Thank you both once again for the workout, but I really absolutely have to leave right now. :)
 
2004-12-29 07:15:32 AM  
abdul, be polite and say Ohisashiburi. Remember, the Japanese are all about politeness!

/ganbatte ne!
 
2004-12-29 07:19:05 AM  
abdul: That's as good a reason as any. :-)

/ima nemutte kudasai.
//mata
 
2004-12-29 07:31:40 AM  
w00t, maybe they can tell me what the plant life is like in the Alpha Centauri system. I plan to retire there in 2020.
 
ZAZ [TotalFark]
2004-12-29 07:48:42 AM  
The surface temperature of a young neutron star is millions of degrees or higher, dropping to hundreds of thousands over millenia or longer, so basically they look white or bluish-white. The surface is normal matter, not superfluid neutrons or any other exotic substance.

Light is bent around a neutron star. Go to Greg Egan's black hole page and pretend the black disk is 50% larger and so blindingly bright that your eyes burn out immediately.
 
2004-12-29 07:55:24 AM  
That's because his career is ***OUT OF THIS WORLD***

CARROT TOP 4 EVA
 
2004-12-29 08:10:13 AM  
For those of you who are really interested in this stuff (Disgod, abdul, etc), check out the Terrestrial planet finder homepage.
 
2004-12-29 08:55:45 AM  
God after listening to abdul, bakarocket and the others I finally know how my girlfriend feels when I try to explain the OSI model or TCP/IP to her...sheesh, I'm done doing that
 
2004-12-29 09:04:26 AM  
I tach astronomy and i am always surprisd how oftn
popl tll m about th distant plants.
 
2004-12-29 09:07:00 AM  
Bad mods. You know you left the typo there on purpose. Shame.
 
2004-12-29 09:10:22 AM  
carrot top? jeez. hey, 1995 called - they want their humor back. why don't we start writing headlines that bash judge ito and/or the macarena while we're at it.
 
2004-12-29 09:11:49 AM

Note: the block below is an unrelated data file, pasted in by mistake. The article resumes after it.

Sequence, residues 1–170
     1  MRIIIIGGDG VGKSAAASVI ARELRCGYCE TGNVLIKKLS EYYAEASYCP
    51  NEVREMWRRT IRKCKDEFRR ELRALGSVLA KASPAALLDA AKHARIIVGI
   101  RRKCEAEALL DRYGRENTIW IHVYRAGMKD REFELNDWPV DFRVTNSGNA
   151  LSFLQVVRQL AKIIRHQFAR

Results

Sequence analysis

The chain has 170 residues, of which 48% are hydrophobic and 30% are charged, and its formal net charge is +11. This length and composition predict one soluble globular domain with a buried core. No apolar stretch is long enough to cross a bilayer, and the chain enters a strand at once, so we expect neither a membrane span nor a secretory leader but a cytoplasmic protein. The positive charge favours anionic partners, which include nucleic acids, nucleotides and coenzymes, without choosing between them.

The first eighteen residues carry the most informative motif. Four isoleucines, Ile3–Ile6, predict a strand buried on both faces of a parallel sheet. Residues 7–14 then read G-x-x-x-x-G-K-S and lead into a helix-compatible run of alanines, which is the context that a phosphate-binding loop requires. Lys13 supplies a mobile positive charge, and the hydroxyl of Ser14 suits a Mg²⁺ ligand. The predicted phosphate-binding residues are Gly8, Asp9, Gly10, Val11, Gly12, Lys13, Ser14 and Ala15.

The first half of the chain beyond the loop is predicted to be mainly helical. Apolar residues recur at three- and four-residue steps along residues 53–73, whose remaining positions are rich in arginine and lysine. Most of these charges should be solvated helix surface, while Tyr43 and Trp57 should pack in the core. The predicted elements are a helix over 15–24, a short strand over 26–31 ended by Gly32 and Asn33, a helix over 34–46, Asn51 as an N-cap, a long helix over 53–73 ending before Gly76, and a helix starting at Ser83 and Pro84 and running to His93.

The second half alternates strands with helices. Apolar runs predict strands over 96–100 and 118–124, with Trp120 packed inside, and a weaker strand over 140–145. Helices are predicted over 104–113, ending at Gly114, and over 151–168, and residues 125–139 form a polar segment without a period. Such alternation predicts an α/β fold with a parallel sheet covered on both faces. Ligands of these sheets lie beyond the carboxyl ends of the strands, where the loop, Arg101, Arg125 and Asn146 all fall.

While we're picking nits, this is the only "solar system" there is, thanks to the fact that our sun is named Sol. Other systems would be more accurately referred to as "star systems."

/bergeek
 
2004-12-29 09:21:29 AM  
Who is Carrot Top?

/Hey, at least I heard of Susan Sontag :-)
 
2004-12-29 09:34:33 AM  
Great! Now we can finally get rid of the excuse that we don't have a big enough telescope whenever I ask why there have never been any pictures of the lunar rover and American flag we left behind on the moon during our little visit there.

/yeah right...like we really went there
 
2004-12-29 10:06:06 AM  
This thread makes my head hurt :-(

Whatever happened to the project that was supposed to put several hubble type telescopes out at L2 to give you an interferometer tlescope with a supposed baseline of 1km? That was meant to be abole to spot cloud formations on extrasolar planets
 
2004-12-29 10:08:20 AM  
ZAZ: I said that. Well, the outer surface part anyway. But how does help me in my battle against Abdul? We all know what neutron stars are; we're trying to debate the nature of light. Well, we were until Abdul went to bed. So I'm debating myself on the nature of light.


Hmmm, that's pretty stupid.


/trying to win against myself.
//losing handily
 
2004-12-29 10:10:53 AM  
ZAZ:
p.s. That page rocks! I've never seen a model of the light horizon around a black hole.
 
2004-12-29 10:22:17 AM